What is the 5-in-1 Vaccine for Dogs?

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When it comes to canine care, there are so many things to stay on top of: feeding, watering, exercising, socializing, and regular health checkups are all essential components of keeping a dog healthy and happy. Part of a dog's wellness routine also includes vaccinations, which are given at regular intervals over time. Once such vaccine is called the 5-in-1 vaccine, which combats a number of potential infectious diseases. So, what exactly is the 5-in-1 vaccine for dogs? And, does my dog need it?


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What is the 5-in-1 vaccine?

The 5-in-1 vaccine is a core vaccination that treats a number of possible illnesses. The 5-in-1 vaccine is also known as DA2PP or the DHPP vaccine, according the SPCA. This combination vaccination protects dogs against Distemper virus, which is very contagious and often fatal when contracted, as well as Adenovirus 1 and 2, which can lead to hepatitis and kennel cough, respectively. Additionally, the 5-in-1 vaccine covers Parainfluenza, which can also lead to kennel cough, and Parvovirus, which is incredibly dangerous to dogs, even fatal, and can be easy to contract.


Why vaccinate?

The short answer? Vaccines save lives. According to the ASPCA, vaccines work by introducing antigens resembling specific diseases into your dog's immune system. Now that your dog's system has been exposed to this foreign substance it knows what to look out for, so if and when the real thing comes into contact with your dog, her immune system can recognize it for what it is and fight it off before it leads to illness or other issues.


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Vaccines are classified into two types: core and non-core vaccinations. Core vaccines are given to fight off diseases that dogs are commonly exposed to, and include Parvo, Distemper, Adenovirus-2 (or, Canine Hepatitis,) and Rabies, according to The American Veterinary Medical Association. Non-core vaccinations aren't always given to all dogs and are recommended depending on specific factors that might expose your dog to certain infectious diseases, like what part of the world she lives in or how social she is. Non-core vaccinations include Bordetella, Lepto, Lyme disease, kennel cough, and dog flu. Often, non-core vaccines are required for dogs who come into contact with other dogs, like before boarding, attending a puppy class, or leaving and entering the country.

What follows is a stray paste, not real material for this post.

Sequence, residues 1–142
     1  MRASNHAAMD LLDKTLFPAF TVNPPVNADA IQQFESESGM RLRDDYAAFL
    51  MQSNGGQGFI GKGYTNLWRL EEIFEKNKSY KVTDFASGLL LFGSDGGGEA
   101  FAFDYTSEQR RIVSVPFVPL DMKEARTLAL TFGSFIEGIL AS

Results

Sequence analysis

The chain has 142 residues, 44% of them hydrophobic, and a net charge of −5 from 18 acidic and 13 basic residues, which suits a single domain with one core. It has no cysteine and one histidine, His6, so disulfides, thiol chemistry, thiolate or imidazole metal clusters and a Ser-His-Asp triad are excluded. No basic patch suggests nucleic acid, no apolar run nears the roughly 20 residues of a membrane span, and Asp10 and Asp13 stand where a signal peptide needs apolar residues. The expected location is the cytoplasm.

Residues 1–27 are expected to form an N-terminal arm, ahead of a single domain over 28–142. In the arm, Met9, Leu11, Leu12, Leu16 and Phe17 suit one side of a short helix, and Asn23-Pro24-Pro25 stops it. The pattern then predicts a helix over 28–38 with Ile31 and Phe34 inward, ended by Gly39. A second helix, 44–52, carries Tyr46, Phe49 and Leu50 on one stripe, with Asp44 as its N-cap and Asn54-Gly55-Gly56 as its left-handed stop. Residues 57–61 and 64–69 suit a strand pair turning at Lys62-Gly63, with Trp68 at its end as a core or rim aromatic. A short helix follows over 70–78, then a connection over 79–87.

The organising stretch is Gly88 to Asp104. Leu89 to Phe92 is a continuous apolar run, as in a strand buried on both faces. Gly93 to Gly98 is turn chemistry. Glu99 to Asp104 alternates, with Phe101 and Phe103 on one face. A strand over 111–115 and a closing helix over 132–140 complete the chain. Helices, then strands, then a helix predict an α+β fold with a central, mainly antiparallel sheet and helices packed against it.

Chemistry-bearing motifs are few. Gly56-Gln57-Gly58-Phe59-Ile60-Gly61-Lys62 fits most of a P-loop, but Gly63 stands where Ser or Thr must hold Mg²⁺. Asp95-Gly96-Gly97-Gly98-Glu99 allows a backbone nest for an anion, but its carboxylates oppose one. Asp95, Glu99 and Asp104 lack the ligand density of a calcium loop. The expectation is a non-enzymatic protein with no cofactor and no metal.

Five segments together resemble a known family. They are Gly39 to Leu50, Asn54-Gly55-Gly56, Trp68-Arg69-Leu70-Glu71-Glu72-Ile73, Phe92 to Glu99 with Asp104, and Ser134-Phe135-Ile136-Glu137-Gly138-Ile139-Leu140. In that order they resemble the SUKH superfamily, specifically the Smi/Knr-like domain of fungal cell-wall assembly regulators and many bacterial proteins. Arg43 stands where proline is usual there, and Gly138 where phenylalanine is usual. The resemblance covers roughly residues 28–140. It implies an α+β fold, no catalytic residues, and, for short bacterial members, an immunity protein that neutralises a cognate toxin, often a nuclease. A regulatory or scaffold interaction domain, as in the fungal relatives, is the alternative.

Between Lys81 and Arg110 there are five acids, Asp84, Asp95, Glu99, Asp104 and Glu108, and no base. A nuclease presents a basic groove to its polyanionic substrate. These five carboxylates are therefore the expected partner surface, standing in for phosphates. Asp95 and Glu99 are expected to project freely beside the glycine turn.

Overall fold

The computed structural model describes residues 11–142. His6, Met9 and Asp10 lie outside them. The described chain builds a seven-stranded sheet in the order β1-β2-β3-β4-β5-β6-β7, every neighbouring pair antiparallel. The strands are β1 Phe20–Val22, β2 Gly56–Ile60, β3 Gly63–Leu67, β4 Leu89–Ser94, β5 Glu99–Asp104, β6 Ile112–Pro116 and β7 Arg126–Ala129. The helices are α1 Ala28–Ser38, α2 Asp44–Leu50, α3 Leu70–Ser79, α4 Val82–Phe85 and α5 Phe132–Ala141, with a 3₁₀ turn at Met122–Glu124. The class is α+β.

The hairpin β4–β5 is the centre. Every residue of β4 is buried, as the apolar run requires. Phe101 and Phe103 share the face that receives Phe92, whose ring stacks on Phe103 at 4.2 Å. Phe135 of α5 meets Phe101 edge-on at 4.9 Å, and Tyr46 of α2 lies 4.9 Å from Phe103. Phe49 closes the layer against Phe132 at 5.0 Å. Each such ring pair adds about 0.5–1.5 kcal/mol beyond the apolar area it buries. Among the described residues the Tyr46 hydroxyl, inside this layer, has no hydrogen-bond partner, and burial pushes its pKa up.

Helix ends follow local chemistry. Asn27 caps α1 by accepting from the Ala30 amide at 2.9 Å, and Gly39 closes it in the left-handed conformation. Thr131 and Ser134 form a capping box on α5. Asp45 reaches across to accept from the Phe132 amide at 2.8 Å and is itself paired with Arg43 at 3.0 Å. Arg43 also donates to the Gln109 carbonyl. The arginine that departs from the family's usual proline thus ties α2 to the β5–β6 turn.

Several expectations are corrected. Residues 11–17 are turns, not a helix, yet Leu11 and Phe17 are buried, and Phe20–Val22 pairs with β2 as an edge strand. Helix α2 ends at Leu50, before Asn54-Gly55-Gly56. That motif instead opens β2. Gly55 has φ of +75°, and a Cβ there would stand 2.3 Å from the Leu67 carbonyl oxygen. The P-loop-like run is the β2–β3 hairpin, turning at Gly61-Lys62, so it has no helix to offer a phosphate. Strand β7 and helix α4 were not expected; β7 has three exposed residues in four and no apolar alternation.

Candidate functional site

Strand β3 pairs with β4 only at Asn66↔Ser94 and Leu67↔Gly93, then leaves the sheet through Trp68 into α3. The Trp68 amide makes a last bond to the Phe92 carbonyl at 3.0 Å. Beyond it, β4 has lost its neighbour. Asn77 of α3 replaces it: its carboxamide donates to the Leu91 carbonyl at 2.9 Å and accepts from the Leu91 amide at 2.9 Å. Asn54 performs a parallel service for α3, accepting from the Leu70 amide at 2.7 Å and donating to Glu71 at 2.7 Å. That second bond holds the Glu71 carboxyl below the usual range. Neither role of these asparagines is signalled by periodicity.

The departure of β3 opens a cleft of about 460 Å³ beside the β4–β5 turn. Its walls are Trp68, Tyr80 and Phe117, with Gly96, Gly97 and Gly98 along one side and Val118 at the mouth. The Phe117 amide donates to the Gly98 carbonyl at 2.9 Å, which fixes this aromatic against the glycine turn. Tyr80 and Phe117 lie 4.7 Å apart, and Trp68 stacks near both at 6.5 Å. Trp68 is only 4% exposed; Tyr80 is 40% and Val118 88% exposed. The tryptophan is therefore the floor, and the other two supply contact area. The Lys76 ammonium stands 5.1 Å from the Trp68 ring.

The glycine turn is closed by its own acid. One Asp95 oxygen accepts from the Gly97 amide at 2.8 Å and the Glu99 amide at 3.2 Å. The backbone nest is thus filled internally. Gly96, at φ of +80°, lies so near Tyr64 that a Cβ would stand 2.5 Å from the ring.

Vaccination tips

To make sure your puppy or dog is healthy and happy, it's not only important to vaccinate, but to vaccinate properly. Vaccinations for puppies are given on a schedule which is spaced apart over their first five or six months of age. VCA Hospitals states that puppies are recommended to begin their first round of core vaccinations between six and eight weeks of age, with additional rounds following at 12 weeks, and 16 weeks. An additional booster shot is sometimes given around 20 weeks old, and elected non-core vaccines are given amid this schedule. In order to keep your puppy in his best health, all shots should be given on time over the course of the vaccination schedule.


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In addition to vaccinations, there are some measures you can take to keep your dog from contracting infectious diseases. If you have a puppy who is in the months-long vaccination process, you'll want to be careful who he is socializing with, and where. The RSPCA states that puppies who have received their first set of vaccines are safe to meet and play with other puppies and dogs as long as those canines have been fully vaccinated. Because some diseases, like parvovirus, can live in the ground for up to a full year, it's best to play it safe and hold off on public spaces like dog parks and boarding kennels until after your puppy has undergone his full round of vaccinations. As your dog ages, some vaccinations will need readministering at various intervals, so be sure to keep annual appointments with your veterinarian to keep your canine friend updated on his shots.

Always check with your veterinarian before changing your pet’s diet, medication, or physical activity routines. This information is not a substitute for a vet’s opinion.